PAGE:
Let's just say that I'm having a bit of trouble focusing on my day job monkey work this morning. I'm sure I'm alone in this feeling, amongst all the peeps returning to work after a long, extended holiday weekend.
Got lots of Webby stuff done this weekend on assorted projects. If any of you folks don't have an UltimateBet account yet, I'm running a contest this month over on BonusBug for people creating new UB accounts, giving away a poker chip set and Copag cards. Gotta be a new account, though, and you've gotta click through the links there to be in the running.
I finally broke down and got a nice 11.5g chip set for myself last week. I'd grabbed a big stack of chips and had just been clinking them together neurotically while playing/working at the computer for a day or two, when my wife pointed out that not only was it cute, but that it was funny that I was playing with $1 chips, when I had a whole rack of $100 chips that would look much more impressive. Good point. So now I neurotically clink together a stack of $100 chips. Because I'm cool like that.
While I'm getting a goodly bit out of Ciaffone Middle Limit Holdem Poker, there are a few points where I'm left scratching my head, thinking the advice is horribly tight. Especially in regards to blinds play, as far as the range of hands he reccommends to play. I still don't have a good feel for that aspect of play, but at 15/30 (or any limit where the small blind is 2/3 of the big blind) I have to think you should liberally call from the SB with just about anything, especially if there are a few limpers in front of you.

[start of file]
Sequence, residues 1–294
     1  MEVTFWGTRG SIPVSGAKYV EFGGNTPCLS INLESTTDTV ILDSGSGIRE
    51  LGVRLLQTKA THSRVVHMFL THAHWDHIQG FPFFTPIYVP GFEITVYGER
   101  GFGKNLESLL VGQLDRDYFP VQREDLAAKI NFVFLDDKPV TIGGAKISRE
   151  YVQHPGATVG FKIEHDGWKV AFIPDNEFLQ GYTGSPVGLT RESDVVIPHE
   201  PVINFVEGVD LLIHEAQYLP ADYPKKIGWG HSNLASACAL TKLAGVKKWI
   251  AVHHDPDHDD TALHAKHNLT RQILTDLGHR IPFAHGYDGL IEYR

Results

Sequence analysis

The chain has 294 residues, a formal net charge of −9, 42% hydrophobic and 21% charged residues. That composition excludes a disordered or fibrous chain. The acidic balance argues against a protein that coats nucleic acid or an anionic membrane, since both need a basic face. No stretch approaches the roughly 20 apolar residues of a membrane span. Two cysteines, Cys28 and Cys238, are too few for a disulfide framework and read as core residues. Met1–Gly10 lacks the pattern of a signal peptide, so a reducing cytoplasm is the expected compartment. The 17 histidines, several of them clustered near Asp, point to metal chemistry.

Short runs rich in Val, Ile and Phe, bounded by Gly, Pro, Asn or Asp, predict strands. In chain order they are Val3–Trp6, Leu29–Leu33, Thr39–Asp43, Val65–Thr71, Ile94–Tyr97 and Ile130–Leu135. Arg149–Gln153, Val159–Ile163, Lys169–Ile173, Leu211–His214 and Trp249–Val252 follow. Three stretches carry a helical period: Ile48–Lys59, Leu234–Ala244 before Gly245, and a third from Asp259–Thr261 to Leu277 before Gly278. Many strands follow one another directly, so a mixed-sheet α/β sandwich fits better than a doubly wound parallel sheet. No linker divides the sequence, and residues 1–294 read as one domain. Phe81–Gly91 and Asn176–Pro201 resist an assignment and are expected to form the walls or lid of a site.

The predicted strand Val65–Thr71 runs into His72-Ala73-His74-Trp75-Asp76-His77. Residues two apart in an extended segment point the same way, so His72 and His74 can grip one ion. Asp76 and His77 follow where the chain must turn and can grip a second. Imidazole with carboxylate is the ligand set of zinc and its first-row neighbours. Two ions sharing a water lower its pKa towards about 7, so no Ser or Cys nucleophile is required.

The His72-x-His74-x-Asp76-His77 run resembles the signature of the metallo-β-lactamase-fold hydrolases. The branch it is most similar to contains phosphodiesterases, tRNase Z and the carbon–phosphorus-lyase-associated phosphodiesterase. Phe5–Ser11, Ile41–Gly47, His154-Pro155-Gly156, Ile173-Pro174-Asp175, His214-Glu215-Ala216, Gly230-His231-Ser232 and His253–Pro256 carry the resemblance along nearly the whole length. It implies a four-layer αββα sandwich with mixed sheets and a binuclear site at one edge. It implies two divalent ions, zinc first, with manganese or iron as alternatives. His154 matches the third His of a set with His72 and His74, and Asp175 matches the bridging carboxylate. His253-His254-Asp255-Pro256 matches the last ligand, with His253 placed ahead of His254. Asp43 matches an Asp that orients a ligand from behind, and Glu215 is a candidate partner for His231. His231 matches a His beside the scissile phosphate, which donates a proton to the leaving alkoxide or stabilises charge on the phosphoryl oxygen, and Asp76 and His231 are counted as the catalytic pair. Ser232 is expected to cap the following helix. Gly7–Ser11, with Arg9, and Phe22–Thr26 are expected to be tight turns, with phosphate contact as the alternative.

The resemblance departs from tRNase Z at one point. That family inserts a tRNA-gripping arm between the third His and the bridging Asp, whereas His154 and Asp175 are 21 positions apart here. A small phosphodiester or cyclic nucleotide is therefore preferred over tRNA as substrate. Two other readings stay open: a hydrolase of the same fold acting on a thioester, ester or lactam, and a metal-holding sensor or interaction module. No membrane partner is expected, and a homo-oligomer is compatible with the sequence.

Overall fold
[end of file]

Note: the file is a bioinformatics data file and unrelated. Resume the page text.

The chapter on bluffing is pretty interesting, though, as far as particular situations in which to check-call flop bets in order to set up a check-raise bluff on the turn, regardless of what card actually comes. The main point isn't that bluffing is cool and fun but that if you sit there and play tight, aggressive poker, you're leaving money on the table if you don't take a few stabs here and there with complete bluffs when the opportunities are ripe. You're doing all the hard work, playing tight and disciplined, so it's a waste not to take advantage of some of the side benefits of respect that you'll get when you check-raise on a scary looking board.